What if scientists discovered the tomb of Jesus, and, much to our surprise, he was still dead? With recent discussions surrounding the Discovery Channel's (March 2007) documentary, "The Lost Tomb of Jesus," the question of the resurrection's importance has received some public air time. Documentaries such as this provide an opportunity for Christians to ask more questions about the Bible. Do we believe in fables or in historically reliable events?
While there's not space here [originally written for a newsletter] to discuss fully the documentary (which I've not yet seen), we can make a few points about the resurrection itself:
- People are confused when they assert that it doesn't matter whether Christ rose or not, as long as we love like he did. Why should we follow the "love" example of a phony? If the resurrection didn't happen, we are the most miserable people on earth because we're believing a lie. The Apostle Paul realized how hopeless we'd be without the resurrection (1 Cor 15:12-19). Modern day Rabbi Marc Gellman gets this too as he examines the comments by well-meaning folks who claim they can still be Christians without a resurrected Christ (see www.albertmohler.com).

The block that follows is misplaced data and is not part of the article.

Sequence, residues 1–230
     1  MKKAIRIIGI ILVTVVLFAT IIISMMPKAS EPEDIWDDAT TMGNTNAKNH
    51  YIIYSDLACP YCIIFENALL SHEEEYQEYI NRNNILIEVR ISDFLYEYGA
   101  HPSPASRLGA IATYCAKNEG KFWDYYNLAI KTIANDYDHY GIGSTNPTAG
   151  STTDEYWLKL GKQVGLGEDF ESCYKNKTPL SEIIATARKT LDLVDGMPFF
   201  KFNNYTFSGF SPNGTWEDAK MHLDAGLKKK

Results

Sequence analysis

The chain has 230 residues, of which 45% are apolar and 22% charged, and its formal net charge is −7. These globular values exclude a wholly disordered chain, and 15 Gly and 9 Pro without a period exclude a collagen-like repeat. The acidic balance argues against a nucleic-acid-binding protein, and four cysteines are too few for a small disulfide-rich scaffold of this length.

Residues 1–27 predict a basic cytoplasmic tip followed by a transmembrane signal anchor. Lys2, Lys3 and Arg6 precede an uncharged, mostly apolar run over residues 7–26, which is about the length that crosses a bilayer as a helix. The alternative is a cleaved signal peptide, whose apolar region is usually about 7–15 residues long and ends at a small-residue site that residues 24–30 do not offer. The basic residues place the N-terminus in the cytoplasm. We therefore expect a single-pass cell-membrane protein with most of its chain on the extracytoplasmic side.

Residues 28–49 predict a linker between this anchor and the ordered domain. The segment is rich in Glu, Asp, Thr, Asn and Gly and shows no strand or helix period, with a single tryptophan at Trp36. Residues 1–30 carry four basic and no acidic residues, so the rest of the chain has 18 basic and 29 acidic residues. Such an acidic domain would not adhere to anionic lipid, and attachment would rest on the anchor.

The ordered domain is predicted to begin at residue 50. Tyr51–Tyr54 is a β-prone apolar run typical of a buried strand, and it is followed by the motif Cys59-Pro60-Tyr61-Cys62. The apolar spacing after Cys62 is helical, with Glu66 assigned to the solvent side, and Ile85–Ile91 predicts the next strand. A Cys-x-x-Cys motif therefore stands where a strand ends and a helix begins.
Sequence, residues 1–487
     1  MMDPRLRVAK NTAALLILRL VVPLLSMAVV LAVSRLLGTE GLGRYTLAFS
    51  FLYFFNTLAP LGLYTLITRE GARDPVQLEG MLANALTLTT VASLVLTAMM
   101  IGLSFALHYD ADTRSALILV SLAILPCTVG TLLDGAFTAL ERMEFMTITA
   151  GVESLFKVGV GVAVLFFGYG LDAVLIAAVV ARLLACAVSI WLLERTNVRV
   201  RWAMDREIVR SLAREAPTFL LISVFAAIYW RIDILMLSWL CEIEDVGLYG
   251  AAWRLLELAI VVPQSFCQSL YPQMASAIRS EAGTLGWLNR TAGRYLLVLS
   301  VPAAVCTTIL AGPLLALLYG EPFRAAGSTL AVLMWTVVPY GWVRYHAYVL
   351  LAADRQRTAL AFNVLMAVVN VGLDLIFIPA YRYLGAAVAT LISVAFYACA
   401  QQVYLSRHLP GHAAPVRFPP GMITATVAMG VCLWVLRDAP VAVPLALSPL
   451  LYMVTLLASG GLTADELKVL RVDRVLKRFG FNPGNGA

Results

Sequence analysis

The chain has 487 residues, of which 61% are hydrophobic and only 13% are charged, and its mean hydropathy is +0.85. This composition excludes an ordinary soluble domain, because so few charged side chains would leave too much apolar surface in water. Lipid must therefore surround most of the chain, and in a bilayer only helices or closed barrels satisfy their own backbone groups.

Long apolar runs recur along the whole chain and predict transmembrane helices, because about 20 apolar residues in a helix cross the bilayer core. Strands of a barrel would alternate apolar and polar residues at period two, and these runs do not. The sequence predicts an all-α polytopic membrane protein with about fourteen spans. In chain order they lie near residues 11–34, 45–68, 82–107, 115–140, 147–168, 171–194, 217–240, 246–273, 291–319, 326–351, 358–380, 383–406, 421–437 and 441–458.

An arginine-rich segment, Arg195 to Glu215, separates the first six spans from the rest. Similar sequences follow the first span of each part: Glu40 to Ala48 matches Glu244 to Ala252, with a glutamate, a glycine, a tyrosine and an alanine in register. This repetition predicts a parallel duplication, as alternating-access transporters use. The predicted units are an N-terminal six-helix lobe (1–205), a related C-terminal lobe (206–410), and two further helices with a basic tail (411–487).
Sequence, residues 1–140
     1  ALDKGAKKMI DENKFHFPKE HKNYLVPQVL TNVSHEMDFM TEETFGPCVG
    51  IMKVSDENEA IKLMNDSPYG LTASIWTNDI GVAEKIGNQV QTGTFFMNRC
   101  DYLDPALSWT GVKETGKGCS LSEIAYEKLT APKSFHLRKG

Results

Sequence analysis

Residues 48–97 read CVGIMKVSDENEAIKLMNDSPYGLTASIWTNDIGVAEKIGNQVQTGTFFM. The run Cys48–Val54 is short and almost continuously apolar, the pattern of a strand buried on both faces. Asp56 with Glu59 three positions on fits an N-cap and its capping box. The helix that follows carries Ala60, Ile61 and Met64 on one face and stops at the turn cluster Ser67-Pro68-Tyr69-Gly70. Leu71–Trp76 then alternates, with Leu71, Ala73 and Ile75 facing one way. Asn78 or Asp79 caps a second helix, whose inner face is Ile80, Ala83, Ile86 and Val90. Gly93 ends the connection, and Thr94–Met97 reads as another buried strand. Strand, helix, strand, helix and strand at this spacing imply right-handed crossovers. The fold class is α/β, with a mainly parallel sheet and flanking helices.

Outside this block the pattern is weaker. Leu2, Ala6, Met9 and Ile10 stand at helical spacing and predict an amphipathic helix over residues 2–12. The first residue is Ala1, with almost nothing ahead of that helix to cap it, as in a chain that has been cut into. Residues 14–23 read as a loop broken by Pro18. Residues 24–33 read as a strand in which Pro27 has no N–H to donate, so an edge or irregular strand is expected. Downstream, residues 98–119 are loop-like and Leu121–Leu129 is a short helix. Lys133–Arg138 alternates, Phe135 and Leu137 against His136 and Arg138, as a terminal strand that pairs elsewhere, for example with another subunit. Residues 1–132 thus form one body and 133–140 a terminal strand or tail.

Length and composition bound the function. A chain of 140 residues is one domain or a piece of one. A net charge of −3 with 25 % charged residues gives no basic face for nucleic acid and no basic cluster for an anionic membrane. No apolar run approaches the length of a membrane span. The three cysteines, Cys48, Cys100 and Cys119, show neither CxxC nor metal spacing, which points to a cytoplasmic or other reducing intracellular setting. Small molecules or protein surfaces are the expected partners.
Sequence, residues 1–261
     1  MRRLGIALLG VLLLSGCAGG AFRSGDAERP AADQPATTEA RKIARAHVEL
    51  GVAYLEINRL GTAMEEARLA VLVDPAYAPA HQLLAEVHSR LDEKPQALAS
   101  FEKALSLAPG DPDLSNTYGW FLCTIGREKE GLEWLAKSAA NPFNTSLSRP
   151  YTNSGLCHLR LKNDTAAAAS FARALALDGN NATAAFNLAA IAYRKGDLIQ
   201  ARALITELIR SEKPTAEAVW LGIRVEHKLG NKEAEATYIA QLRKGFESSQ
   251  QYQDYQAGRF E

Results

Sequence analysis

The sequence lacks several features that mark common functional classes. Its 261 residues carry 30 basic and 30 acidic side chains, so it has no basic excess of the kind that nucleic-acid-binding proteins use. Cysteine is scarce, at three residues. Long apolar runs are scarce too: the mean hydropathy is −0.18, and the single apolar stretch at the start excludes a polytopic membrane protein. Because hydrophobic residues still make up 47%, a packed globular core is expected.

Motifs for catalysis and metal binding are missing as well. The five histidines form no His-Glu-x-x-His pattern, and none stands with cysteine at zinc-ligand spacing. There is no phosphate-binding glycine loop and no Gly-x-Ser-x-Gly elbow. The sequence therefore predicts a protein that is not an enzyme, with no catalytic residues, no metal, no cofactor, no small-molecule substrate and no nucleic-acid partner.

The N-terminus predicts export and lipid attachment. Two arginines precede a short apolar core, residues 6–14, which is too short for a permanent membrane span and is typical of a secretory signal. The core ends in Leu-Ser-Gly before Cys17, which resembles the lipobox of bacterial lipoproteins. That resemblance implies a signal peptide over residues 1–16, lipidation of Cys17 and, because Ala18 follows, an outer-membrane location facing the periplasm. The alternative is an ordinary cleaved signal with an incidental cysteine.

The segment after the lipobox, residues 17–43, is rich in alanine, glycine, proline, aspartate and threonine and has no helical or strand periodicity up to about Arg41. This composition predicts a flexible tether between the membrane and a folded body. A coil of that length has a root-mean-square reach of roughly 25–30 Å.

- If Jesus rose from the grave, it remains one of the most important events in history (Creation itself probably comes in as first). The resurrection would mean Jesus was who he claimed to be--God in the flesh. The implications for the truthfulness of the resurrection are, perhaps, why skeptics need to disprove it. To finally be done with Jesus means people can get on with their lives without the bother of someone holding them accountable.
- Those who claim the resurrection didn't happen need evidence beyond a reasonable doubt, something they have yet to provide. Plenty of scholars disagree with the claims of "The Lost Tomb of Jesus" documentary. (See section, "Criticism of the documentary" and "DNA and family evidence" at http://en.wikipedia.org/wiki/The_Lost_Tomb_of_Jesus.)
Based on the evidence we have available, the resurrection of Jesus was a historical event that we could have recorded had we been there with a camera in hand. We don't have actual footage, but we do have accounts of the first-century believers who saw the resurrected Jesus and died because of their loyalty to him. While it's possible to die for a lie you think is true, few people would willingly die for an obvious lie. (Remember, more than 500 people saw the risen Lord, 1 Cor 15:6.)
This month try to start a conversation involving the resurrection. Simply ask someone, "What do you think about the Bible's claim that Jesus rose from the dead?" I'll bet you'll have a great conversation.
Recommended resources for further study:
Worldview: Total Truth, Nancy Pearcey;
Anti-evolution: Darwin on Trial, Phillip Johnson;
Practical: The Case for Christ, Lee Strobel; When Skeptics Ask, Norman Geisler;
Scholarly: The Historical Reliability of the Gospels, Craig Blomberg;
Online: www.allaboutgod.com; www.answers.org; www.carm.org; www.leestrobel.com;